Quilting affords opportunities, over and over again, to pull pieces together, and to fragment them. Every morning lately, I work on ‘Ghost House’. If I think about it, I would get overwhelmed. But if I look at one little strip and piece it, I make progress.
For a sense of scale, the felt-covered pin board is just over six feet tall.
Yesterday, I pieced up the house, in order to help me finish the edges. Sometimes you have to work in the center in order to figure out the edges.
When I pieced the house, which was mostly done, I made the decision to piece the window into the body of the house (previously, I had thought I would applique it). And now, it does not look like a window at all. Changes such as these force either acceptance or re-working. I often accept, and not just out of laziness.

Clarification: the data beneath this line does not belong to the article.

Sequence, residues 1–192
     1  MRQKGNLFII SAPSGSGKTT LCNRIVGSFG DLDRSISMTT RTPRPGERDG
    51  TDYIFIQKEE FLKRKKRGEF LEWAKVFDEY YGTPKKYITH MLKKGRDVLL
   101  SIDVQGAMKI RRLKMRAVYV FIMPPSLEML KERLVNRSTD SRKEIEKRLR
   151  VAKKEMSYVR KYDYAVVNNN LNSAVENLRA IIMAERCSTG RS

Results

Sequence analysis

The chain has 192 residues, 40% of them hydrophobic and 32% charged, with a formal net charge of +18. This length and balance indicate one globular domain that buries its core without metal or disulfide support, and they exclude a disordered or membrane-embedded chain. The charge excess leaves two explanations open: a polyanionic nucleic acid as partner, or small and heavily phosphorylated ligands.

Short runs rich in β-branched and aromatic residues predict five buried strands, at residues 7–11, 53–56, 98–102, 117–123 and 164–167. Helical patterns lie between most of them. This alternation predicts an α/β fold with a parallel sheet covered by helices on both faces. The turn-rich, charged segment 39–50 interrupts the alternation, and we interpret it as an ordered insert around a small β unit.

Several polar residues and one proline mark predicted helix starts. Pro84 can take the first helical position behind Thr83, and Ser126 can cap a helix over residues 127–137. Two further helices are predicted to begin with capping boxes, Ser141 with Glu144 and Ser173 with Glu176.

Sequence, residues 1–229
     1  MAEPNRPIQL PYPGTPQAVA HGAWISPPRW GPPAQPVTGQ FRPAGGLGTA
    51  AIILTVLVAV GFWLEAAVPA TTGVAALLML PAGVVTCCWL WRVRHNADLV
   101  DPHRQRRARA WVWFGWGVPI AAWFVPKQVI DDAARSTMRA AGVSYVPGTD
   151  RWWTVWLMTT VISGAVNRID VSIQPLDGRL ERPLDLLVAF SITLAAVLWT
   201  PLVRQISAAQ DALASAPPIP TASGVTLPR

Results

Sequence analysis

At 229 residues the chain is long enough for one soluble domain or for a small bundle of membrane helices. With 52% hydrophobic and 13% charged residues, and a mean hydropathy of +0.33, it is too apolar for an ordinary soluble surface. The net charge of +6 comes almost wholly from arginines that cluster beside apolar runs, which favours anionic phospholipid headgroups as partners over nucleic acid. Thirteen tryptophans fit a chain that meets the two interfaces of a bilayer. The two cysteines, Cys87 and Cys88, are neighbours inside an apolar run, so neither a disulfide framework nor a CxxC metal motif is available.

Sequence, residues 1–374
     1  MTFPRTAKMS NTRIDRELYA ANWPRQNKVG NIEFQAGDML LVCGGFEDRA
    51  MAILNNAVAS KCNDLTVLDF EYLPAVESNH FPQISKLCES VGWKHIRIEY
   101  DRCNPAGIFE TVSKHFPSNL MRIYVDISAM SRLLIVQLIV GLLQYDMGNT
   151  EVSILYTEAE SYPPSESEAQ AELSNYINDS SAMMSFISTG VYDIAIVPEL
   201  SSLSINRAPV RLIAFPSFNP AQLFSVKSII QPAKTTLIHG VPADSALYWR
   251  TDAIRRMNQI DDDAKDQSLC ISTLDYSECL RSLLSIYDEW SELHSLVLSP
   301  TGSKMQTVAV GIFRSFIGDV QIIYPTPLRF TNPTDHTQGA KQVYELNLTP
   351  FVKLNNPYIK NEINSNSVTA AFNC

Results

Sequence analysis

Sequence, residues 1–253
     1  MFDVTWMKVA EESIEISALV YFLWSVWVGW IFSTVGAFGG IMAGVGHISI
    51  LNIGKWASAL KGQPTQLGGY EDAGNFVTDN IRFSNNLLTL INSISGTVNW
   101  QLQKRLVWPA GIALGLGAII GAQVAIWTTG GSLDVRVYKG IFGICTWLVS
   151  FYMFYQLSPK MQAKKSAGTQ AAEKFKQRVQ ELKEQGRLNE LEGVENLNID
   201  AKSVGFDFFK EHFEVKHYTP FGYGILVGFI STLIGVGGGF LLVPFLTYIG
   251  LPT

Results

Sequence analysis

Quilts this size go through so many phases. Sometimes, a section will assert its independence. I call these ‘rogues’. This can be out of frustration — one way to create a finished product from an endlessly unfinished piece — or, it can be the fabric telling you something.
My hunch is that I’m not going to let this rogue get away!
Then there are ‘spin off quilts’ – little assemblages made from scraps lying around. Not rogues. More like ‘issue’. They are generally characterized by an effortlessness that is in striking contrast to the larger piece. Yesterday, a little spin off arranged itself (nearly) on the worktable. I have my recently dipped indigo scraps to draw from as well.
In other news, the heat continues here without respite. I am spending money to keep various sections of the yard wet and cool for the birds. We are supposed to get thunderstorms later, so I will run my errands early.